is currently ruled by the FGS. Similarly, a multidimensional conflict (communal and election-related) is flaring up in the Hiiraan region where more half of all Hirshabeelle parliamentary seats are expected to be held.

Without an urgent agreement on the implementation of the 17 September agreement,  the prospects for a partial election by the FGS and its allies is real and that would almost certainly lead to the conflagration of violence across the country. The recently concluded Annual Forum for Ideas in Garowe, organized by the Heritage Institute for Policy Studies

(HIPS), was the last-ditch effort to find a breakthrough in the electoral impasse. Although the ingredients for a compromise were identified, the FGS and FMS ultimately failed to translate that opportunity into a tangible settlement.

Given the gravity of the situation, an urgent intervention by the international community to mediate between the two sides is necessary. Under the leadership of the US, the

UK, Turkey and the EU, and within the framework of the UN Security Council, the international community should exert maximum pressure on the FGS and FMS leaders to meet in the coming days and return from the brink. The two sides have not met since 17 September when the electoral agreement was signed in Mogadishu.

 

With the notable exception of Puntland, all other elections were sham exercises designed to produce specific results. The FGS was responsible for rigging local elections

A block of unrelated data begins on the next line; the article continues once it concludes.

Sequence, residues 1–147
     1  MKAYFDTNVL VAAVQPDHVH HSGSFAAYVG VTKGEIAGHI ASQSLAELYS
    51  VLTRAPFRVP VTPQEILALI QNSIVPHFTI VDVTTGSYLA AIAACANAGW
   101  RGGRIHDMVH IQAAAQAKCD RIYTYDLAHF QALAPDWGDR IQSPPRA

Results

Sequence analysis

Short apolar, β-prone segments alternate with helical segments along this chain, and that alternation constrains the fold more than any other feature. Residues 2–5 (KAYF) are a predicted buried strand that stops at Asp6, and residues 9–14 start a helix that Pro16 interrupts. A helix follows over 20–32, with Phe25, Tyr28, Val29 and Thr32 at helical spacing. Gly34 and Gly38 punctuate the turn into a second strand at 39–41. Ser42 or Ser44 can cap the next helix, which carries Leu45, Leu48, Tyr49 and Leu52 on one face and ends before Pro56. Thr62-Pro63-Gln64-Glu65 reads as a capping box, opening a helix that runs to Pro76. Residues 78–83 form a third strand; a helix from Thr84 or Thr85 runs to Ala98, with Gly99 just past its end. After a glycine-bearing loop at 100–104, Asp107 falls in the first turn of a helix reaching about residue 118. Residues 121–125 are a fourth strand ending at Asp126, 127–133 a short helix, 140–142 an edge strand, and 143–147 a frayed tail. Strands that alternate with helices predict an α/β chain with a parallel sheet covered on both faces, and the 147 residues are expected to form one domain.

These local elections paved the way for a deeply flawed and contested federal election.

Getting to the brink

Over the past four years, local elections took place in all of the five federal member states. With the notable exception of Puntland, all other elections were sham exercises designed to produce specific results. The FGS was responsible for rigging local elections in Southwest, Galmudug and Hirshabeelle for the sole purpose of placing its allies in leadership positions so that they could return the favor and rig federal parliamentary

elections. The incumbent president of Jubbaland also engineered his re-election campaign in a way that made it impossible for his rivals to compete in a free and fair environment. The outcome of that election directly led the deepening crisis in the Gedo region, which is now effectively an autonomous province under the tutelage of the president of the FGS.